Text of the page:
In the angiomatoid (vascular) variant there are numerous small branching vessels in a variable collagenous stroma. Focal hypercellularity resembling that seen in the fibrocollagenous type is often present. Hemosiderin is present in about half the cases.
Immunohistochemical workup is important to determine the appropriate diagnosis. Immunoreactivity for alpha-1 anti-chymotrypsin (ACT) and vimentin is present in all lesions and is commonly positive in hystiocytic lesions, although it has been found in a large range of cell types. It is not clear if the cell of origin is a fibroblast or a more primitive cell. Immunohistochemical staining is positive in most cases for lysozyme, MAC387, and CD68.
In one study, Daw et al.  reported their institutional experience in the classification and the incidence in children of MFH and fibrohistiocytic tumors (FH). The most common soft tissue sarcoma during childhood is rhabdomyosarcoma; nevertheless non-rhabdomyosarcomatous soft tissue sarcomas are a well-defined group of tumors that present different morphologic and clinical features. These authors observed 249 pediatric patients (age <14 years) for a 30-year period and noticed that 17 (7%) of these patients had MFH, 10 had FH, and 1 had a plexiform fibrohistiocytic tumor. The median age of patients at the time of the diagnosis was 7.3 years (range 0.3-29.5 years). The most common primary tumor sites were the extremities and a few patients presented with tumors on the head and neck. Metastases to the lung were present in only three patients affected by MFH.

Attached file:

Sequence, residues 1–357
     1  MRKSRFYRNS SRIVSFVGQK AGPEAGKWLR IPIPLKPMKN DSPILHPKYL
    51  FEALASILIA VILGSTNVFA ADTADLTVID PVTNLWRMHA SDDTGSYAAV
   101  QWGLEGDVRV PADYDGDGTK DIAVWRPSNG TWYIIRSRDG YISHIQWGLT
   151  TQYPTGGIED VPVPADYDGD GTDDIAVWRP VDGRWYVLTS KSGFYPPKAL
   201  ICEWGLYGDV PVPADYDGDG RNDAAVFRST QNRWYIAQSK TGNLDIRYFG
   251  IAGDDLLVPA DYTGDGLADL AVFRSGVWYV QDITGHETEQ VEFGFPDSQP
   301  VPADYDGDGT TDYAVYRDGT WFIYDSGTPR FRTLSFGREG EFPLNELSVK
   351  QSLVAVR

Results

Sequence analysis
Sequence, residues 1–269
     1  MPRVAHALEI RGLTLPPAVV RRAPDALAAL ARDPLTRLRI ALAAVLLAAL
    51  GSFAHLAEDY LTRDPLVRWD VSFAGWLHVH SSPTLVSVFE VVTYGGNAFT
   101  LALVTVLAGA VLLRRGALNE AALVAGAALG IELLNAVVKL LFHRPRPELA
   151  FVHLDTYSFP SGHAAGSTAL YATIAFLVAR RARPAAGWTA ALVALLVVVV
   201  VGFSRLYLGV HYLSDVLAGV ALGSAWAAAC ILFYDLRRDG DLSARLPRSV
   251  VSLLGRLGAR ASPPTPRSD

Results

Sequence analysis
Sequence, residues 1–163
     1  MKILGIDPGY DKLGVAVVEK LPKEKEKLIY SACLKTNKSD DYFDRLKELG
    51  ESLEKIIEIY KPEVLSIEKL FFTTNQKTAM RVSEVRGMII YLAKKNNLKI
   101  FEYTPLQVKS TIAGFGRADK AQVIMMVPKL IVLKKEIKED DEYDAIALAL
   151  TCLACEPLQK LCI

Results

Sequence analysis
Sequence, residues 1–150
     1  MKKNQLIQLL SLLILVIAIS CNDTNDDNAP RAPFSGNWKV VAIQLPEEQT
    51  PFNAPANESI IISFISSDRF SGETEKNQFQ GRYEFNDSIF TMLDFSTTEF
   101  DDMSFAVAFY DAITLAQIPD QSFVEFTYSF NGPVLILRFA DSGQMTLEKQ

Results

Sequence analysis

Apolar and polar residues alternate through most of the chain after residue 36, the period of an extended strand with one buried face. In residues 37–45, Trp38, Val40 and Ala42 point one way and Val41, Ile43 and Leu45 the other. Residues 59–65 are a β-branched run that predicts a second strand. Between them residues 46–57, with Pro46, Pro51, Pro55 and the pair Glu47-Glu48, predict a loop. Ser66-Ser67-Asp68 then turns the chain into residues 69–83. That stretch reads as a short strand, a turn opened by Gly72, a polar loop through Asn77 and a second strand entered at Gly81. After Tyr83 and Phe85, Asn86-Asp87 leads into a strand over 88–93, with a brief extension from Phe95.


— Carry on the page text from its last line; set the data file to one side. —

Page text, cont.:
Angiomatoid fibrous histiocytoma is considered to be a tumor of intermediate malignancy because of its less aggressive course in contrast to conventional MFH. The group of tumors classified under the intermediate malignancy grade is characterized by a tendency to local recurrence, associated with an extremely low rate of systemic metastases .
Our case is rare on account of its localization in the pre-auricular region and because it appeared in a young patient.
A wide and aggressive surgical resection with histologically free margins is mandatory to avoid recurrences. Maxillo-facial, chest-abdominal, and neck CT along with prolonged follow-up is recommended because rare cases of metastasizing AFH have been reported.
Our patient has a good prognosis because of the age of development, the size of the tumor, the negative maxillo-facial MRI, chest-abdominal CT, and neck CT scans.